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Lots to see & do in Bangkok in 48 hours

If you have only 48 hours in Thailand’s bewitching, bewildering and sometimes quite bonkers City of Angels, here are the major visitor highlights:

The Grand Palace

Once home to the kings of Siam, The Grand Palace offers a peek into the past world of Thai royalty. Along with its opulent throne rooms, landscaped gardens and mural-decorated colonnades is the Wat Phra Kaew, Thailand’s most sacred temple and home to the striking Emerald Buddha. Open daily 8:30 a.m. to 4 p.m., and admission is 250 Thai baht.

Wat Po

There’s a host of temples to explore in the city. No question that the main event for most visitors to Wat Po is the monumentally impressive gold and mother-of-pearl-plated reclining Buddha. Also among this vast complex of soaring, golden spires is the birthplace and school for traditional Thai medicine and massage. Expect to pay around 120 baht, or $4, for 30 minutes of expert manipulation in full public view. Fortunetellers ply their trade by the eastern walls. Admission to Wat Po is 50 baht ($1.60) and it is open daily 8 a.m. to 5 p.m.

Jim Thompson House

The genteel teak home of ex-CIA agent Jim Thompson, who settled in Thailand during the 1950s, is a vision in itself, but the real reward is inside among an exquisite collection of art and antiques of the past 14 centuries. The tranquil and perfumed flower gardens surrounding the house offer a little respite from the nearby bustle. Open daily 9 a.m. to 5 p.m., and admission 100 baht, or $3.20.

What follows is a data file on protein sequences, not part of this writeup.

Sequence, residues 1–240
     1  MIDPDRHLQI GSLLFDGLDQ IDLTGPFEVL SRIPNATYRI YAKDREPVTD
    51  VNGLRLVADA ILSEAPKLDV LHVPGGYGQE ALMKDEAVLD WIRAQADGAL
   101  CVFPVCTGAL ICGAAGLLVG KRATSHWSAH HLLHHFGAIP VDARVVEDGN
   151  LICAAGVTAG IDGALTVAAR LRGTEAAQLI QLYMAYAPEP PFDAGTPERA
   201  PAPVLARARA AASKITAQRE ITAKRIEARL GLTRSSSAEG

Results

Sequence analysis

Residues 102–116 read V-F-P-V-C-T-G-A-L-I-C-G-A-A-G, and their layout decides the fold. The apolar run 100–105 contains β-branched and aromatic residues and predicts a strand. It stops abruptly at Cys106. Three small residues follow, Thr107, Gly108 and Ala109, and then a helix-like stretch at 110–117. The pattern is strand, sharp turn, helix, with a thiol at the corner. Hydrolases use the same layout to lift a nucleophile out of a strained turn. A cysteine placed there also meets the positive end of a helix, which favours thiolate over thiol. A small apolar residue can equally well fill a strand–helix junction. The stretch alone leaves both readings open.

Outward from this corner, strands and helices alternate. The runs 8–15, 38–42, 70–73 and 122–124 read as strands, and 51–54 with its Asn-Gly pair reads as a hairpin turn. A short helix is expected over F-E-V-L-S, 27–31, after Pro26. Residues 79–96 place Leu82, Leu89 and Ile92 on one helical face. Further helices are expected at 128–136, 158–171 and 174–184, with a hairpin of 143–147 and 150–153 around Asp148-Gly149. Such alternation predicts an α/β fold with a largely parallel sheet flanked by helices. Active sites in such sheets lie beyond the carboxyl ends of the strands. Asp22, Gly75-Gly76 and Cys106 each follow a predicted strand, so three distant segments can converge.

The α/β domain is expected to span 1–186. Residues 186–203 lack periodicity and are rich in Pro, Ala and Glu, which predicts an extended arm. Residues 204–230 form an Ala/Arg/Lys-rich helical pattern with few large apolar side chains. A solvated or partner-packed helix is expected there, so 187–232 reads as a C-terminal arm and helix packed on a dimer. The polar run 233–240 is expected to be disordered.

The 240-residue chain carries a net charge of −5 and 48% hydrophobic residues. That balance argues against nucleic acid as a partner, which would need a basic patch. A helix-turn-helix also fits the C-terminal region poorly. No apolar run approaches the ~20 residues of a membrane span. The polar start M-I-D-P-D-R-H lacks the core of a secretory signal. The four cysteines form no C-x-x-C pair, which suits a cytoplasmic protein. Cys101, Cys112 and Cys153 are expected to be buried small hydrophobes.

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Close to The Grand Palace, the Bangkok National Museum is a sprawling collection of Thailand’s rich history. Open Wednesday to Sunday, 9 a.m. to 4 p.m., and admission is 200 baht. Alternatively, try one of the following: Royal Barge National Museum with its ceremonial barge collection; the Museum of Siam for interactive push-button fun in old mansion house settings; the smaller, dustier Museum of Counterfeit Goods or gruesome Forensic Museum.

Take to the water

Still a major transport artery, the Chao Phraya River (River of Kings) teems with an armada of watercraft. For a journey through the city’s historic, royal and spiritual heart accompanied by English commentary, hop aboard the regular tourist ferry (30 baht, or $1) for a one-way trip. Alternatively, pay even less and join the locals packing the Chao Phraya Express river bus for a 75-minute round trip. Given Bangkok’s road congestion, both are also efficient ways of getting to many of the sights along the way. For a more tranquil waterway journey behind the scenes, take a cruise through eastern Bangkok on its network of canals, or klongs. Book a charter for a three-hour cruise with commentary for around 1,000 baht ($32). You can also rent a private longtail boat from one of the piers on the western river bank; expect to pay 500 to 700 baht ($16 to $22) per hour. Whichever you choose, expect a small flotilla of canoe-paddling vendors selling drinks and trinkets to pull up alongside your boat.

Retail rewards

Shopping is huge in Bangkok. For slick malls and air-conditioned comfort, Siam Square is home to the big-name brands. When browsing Bulgari, Burberry and Bangkok designers has run its course, the Siam Paragon Mall boasts a 30,000 aquatic creature distraction within the Siam Ocean World. Open daily, and admission is 900 baht, or $29.